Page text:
In what was perfect timing on all of our parts, Frank and Barbara pulled up on their 1200GS. They were the other two vegetarians in the group, and Pat hauled us all in to feed us. My friend, Matt, put a beer in my hand and I went and sat outside near the fire, eating dinner, having a drink and enjoying everyone's company. The anxiety I typically feel when getting together with a bunch of people I don't really know started to melt away as the evening moved on. There was a prize drawing, thanks to Cindy and Power World Sports in Granby, and I won new grips for my little bike. Woohoo!

That evening people camped, stayed in guest rooms, or slept downstairs in the house. Magically, no one had claimed the bed in the downstairs, so I got it! After a little slumber party chat, everyone settled in and we woke the next morning to gorgeous views of Granby, the surrounding mountains, and a herd of antelope.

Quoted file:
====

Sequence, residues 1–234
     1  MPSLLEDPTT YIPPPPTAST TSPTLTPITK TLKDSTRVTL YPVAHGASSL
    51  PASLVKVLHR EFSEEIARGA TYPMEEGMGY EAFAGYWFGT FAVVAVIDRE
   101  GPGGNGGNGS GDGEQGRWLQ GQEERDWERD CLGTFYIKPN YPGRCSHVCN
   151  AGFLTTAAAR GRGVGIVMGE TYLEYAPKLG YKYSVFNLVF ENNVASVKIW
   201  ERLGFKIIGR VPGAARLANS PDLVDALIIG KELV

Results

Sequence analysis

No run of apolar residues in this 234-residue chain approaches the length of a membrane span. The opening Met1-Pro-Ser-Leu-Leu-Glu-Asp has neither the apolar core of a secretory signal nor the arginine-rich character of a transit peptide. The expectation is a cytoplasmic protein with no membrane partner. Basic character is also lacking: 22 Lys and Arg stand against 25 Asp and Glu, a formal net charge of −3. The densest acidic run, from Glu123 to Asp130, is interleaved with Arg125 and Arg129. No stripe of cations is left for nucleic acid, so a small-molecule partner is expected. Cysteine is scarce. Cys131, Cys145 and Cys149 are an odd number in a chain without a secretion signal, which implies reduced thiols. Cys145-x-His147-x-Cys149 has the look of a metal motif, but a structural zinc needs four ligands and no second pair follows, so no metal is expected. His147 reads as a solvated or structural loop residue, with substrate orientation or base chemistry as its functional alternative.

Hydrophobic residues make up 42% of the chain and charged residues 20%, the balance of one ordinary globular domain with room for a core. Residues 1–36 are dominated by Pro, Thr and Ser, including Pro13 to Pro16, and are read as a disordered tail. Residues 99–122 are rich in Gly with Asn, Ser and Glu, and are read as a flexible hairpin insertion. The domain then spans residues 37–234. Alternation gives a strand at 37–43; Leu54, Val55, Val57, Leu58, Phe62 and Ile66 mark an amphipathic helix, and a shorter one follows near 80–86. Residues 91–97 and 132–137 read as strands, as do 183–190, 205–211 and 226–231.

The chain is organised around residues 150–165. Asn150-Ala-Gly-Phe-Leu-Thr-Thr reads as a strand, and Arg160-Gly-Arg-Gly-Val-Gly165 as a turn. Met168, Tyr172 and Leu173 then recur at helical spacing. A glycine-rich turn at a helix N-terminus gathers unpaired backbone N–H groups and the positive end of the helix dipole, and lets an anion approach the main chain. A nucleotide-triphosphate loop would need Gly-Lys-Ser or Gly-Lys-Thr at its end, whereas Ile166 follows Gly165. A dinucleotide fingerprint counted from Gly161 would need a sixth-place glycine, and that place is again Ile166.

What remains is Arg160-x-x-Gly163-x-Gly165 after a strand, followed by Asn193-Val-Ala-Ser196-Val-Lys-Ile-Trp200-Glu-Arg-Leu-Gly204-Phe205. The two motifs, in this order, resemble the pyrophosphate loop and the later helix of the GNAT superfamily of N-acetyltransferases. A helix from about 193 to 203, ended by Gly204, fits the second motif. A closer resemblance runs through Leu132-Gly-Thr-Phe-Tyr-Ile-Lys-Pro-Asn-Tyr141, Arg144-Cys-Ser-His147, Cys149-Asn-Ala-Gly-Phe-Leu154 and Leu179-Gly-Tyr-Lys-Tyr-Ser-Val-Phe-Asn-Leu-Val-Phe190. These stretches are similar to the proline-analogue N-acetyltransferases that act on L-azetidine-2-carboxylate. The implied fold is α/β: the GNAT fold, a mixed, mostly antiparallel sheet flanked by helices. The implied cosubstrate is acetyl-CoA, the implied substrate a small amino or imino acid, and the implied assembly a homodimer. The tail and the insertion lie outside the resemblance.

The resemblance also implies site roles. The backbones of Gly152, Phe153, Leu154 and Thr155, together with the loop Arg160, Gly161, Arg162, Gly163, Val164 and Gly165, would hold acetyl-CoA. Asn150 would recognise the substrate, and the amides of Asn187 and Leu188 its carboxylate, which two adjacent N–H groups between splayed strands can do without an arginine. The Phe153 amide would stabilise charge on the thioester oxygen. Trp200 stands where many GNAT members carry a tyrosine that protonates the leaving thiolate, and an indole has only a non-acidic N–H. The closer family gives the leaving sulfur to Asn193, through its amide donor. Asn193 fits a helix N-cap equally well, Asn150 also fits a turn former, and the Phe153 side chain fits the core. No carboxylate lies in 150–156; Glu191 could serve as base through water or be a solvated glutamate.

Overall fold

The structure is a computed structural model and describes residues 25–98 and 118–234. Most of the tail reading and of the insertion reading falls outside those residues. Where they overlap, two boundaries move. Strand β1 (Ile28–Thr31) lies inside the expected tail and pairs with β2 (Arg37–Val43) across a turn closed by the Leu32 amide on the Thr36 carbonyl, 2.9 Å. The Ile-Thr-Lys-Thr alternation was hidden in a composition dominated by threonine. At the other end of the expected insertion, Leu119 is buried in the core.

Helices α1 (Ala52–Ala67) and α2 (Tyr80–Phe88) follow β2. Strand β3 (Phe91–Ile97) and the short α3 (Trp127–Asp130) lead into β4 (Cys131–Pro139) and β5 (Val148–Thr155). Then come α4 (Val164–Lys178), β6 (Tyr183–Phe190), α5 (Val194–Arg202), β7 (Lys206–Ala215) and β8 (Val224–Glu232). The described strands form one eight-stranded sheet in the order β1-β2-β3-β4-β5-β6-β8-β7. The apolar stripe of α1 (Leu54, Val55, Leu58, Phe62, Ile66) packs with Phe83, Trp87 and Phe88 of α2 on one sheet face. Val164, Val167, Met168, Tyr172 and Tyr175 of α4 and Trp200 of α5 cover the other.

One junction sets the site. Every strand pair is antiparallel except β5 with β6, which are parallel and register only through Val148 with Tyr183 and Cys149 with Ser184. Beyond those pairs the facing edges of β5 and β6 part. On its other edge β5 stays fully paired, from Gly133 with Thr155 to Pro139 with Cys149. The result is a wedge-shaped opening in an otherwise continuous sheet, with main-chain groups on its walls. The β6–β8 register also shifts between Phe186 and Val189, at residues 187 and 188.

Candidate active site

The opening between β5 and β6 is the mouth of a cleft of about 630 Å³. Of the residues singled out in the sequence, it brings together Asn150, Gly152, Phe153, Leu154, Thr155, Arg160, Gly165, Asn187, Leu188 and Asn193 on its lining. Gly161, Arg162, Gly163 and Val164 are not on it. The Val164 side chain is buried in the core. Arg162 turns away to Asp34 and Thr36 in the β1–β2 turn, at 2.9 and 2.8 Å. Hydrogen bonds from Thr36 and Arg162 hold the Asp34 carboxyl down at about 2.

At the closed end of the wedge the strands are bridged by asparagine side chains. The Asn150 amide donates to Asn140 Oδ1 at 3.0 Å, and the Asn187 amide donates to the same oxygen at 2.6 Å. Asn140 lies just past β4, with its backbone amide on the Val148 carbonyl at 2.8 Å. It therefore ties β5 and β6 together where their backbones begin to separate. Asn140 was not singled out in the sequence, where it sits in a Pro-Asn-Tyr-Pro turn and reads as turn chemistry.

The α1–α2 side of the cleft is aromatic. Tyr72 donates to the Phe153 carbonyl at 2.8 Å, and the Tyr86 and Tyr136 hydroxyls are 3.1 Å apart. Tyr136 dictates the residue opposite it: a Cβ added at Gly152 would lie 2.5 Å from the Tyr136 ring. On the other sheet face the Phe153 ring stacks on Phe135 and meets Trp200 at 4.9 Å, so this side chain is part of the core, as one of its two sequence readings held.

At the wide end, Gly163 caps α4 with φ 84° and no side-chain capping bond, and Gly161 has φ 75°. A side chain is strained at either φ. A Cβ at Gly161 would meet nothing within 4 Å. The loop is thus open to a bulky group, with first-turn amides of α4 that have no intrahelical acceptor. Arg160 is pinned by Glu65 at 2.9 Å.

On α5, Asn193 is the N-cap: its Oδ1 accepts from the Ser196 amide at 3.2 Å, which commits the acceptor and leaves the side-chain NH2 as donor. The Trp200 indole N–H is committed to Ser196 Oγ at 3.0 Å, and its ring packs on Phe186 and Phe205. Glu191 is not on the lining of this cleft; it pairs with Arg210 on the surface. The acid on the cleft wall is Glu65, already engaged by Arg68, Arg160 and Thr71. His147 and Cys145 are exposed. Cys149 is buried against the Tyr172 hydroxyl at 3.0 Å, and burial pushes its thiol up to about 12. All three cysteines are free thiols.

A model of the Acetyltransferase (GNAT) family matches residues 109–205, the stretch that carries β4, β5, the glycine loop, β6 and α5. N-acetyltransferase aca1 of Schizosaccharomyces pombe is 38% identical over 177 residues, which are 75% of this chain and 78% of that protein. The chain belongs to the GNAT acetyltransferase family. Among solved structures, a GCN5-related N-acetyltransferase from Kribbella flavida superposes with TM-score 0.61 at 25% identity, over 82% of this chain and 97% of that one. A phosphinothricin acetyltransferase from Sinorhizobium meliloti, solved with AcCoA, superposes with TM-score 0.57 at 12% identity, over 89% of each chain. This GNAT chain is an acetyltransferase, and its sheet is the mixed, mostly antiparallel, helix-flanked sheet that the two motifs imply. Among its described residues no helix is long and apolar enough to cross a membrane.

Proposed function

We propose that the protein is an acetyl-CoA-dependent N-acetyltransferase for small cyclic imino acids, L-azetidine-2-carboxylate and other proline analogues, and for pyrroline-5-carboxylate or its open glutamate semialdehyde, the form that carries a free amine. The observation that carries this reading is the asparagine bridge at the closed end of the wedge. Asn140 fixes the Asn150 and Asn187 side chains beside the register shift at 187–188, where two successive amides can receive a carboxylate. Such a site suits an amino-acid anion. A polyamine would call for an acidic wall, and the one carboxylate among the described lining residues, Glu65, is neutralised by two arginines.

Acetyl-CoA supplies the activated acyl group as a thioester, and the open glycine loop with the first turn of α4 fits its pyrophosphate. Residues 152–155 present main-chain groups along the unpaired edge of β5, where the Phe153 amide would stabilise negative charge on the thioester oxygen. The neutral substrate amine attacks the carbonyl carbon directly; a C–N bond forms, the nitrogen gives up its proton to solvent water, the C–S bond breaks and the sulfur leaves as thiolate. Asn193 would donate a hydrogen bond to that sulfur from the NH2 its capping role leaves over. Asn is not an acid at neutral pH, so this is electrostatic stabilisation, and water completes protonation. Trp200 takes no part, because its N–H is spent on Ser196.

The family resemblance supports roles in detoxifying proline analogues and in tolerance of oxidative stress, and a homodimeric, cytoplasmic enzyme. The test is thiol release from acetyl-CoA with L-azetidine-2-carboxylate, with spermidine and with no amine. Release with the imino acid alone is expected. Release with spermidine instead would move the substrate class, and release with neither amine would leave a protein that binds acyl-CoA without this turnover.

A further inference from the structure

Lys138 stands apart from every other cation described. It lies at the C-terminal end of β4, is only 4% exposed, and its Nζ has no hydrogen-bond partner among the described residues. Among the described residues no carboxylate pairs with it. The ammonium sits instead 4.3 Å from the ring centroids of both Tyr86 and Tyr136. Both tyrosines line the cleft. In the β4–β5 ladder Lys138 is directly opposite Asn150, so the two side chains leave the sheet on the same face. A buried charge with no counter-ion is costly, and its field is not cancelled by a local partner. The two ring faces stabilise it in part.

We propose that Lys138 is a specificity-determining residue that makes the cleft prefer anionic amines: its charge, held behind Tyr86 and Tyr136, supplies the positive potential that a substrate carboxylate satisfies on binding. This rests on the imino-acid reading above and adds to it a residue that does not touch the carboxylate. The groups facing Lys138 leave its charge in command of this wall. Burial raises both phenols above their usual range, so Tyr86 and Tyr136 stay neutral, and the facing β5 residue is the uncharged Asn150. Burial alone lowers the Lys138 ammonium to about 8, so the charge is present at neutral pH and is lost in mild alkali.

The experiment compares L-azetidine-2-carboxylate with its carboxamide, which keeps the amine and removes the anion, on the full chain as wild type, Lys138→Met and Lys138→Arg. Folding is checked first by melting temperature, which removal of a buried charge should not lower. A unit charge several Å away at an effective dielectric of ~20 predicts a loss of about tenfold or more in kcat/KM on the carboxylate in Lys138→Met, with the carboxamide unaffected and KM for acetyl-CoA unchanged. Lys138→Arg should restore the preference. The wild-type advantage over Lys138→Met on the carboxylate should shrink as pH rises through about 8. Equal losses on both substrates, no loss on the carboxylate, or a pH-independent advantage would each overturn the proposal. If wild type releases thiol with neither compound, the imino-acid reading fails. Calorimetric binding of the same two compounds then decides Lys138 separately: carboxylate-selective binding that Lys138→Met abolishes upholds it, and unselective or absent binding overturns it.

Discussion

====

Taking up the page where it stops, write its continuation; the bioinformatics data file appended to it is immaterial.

The view from Pat and Cindy's home in Granby. This was sunset, which I missed thanks to my little problem in Empire. Thanks to Matt Landon for the pic.

People all took off at different times, and we met up at the wildlife viewing area at the bottom of highway 125. We had 23 bikes and 25 people--quite the group. After collecting ourselves and chatting a bit, we took off in two different groups: Risky Bizness and the Pro-Leisure Tour. I joined the Pro-Leisure Tour and we cruised up Willow Creek Pass. The first part was mostly pavement, but it was a gorgeous twisty piece of road. I had never ridden the bike more than 8.5 miles up the highway--to Ian McLeod's house--and it just got better and better the further we rode.

Getting ready to head out for the day.
Hi Neil! Poor Neil had two flat tires the day before, and a flat air mattress in the middle of the night. I think he might be a fire sign....